By Rose Schrage
My name is Rose Schrage. I am a holocaust survivor. I was born in France in a small village called Montelimar. We had a small house in the country area, close to the river. I am the middle one of three children – my older sister Rachel and younger brother Leon.
Not too far from the house was a Nursery that was operated by nuns, that I attended. One day they had a singing competition, I entered and sang the national anthem for France. I won, and as a prize for winning I received a little red wagon, that was my first ever toy, as before that we had a black chicken that I used to play with in the yard, but eventually we had to eat it for food.
I was about three years old when the Nazis knocked down the door. They were pointing a gun to my head and my mother said to them “you don’t have to hold a gun to her head. She can’t run away, she has not even learned to walk as yet.”
They came back another day and were armed with rifles and I was about to cry and my mother whispered in my ear “if you cry I will give you away again”. She had given me away before to the nuns in order to save me. She hid me under the bed. I was so scared because I didn’t understand what was going on. When I saw them with their long brown boots I used to be scared. My mother was a very brave woman. The Nazi held a gun to her head and said “I am going to kill you.” My mother said “go ahead, I am not afraid of you”. The Nazi was stunned by her answer and left.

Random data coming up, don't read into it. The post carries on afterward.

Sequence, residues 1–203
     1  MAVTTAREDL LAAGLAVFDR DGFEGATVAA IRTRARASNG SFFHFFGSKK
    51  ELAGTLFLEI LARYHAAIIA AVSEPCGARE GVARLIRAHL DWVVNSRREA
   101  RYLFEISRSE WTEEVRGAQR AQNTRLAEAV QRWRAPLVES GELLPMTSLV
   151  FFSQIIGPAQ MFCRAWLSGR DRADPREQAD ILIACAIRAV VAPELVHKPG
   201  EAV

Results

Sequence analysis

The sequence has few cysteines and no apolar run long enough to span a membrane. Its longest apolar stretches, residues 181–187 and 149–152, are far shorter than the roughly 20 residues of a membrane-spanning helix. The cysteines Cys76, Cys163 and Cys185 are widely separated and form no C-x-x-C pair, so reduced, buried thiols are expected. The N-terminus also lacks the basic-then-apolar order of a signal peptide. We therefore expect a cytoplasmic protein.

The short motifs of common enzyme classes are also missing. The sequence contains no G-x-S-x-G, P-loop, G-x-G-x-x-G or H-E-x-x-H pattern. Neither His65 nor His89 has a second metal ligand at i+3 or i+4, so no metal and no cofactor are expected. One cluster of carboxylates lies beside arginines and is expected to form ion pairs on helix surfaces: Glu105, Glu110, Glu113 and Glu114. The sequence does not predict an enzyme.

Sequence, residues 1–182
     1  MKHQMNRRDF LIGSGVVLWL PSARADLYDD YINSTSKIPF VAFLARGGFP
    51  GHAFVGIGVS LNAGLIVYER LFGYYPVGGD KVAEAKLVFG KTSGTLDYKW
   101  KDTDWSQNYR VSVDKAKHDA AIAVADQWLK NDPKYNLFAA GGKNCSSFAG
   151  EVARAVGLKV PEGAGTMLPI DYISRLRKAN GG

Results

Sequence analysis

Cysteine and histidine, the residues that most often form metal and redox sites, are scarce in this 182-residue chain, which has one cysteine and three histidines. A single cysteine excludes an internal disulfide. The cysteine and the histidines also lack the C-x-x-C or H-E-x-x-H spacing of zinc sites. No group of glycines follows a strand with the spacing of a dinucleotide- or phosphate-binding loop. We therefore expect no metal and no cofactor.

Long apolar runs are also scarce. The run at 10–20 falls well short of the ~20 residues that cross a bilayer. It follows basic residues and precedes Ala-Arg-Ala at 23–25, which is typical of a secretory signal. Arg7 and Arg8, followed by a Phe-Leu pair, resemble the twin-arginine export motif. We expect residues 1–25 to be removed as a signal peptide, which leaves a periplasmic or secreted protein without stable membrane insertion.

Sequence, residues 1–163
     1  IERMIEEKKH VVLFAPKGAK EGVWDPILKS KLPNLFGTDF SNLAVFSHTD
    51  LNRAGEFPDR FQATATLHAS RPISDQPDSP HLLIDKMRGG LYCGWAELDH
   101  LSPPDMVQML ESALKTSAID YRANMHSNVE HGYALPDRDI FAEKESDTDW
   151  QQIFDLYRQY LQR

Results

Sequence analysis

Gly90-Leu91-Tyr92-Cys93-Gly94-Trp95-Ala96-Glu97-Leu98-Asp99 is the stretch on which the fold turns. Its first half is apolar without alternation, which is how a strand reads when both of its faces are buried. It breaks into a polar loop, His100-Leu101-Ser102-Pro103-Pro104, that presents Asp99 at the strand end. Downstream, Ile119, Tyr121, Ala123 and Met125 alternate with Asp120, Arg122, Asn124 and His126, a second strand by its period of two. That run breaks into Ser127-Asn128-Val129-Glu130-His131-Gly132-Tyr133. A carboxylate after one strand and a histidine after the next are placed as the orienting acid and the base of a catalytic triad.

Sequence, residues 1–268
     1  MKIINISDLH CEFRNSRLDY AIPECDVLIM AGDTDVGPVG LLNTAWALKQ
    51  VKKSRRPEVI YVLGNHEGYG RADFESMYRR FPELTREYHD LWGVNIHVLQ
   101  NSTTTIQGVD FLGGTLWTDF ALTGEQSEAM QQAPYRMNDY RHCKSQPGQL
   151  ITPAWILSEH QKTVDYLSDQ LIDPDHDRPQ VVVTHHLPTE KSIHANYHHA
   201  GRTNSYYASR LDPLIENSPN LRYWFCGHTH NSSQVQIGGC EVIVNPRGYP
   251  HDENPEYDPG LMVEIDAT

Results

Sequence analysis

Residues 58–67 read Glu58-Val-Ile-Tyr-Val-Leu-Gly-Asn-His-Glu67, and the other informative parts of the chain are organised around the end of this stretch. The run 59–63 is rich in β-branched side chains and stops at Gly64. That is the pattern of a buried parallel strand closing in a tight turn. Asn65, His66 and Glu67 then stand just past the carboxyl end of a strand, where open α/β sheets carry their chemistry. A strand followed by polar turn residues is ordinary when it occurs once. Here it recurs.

I used to have terrible nightmares at night. I dreamt that the Nazis were chasing me and I fell down the stairs. At that point my mother had to give me away to the nuns because Jews were not going to survive, as Hitler didn’t care if you were a baby or an adult. As a child I remember my father would go out in the middle of the night to the the garbage and take peels of fruits and vegetables, and bring them for my mother to cook. We did not have food or money, and were trying to survive.
After I got married I went back to France with my husband, but did not get a chance to visit my old house. I did not know how to get there or even where it was. So I visited my mother’s uncles. They had been part of the French underground movement.
Having to look on my past by writing this piece, I realized how brave and courageous my mother was as she saved our lives many times. I would like to say how much I admire her and look up to her, and have a great amount of respect for her.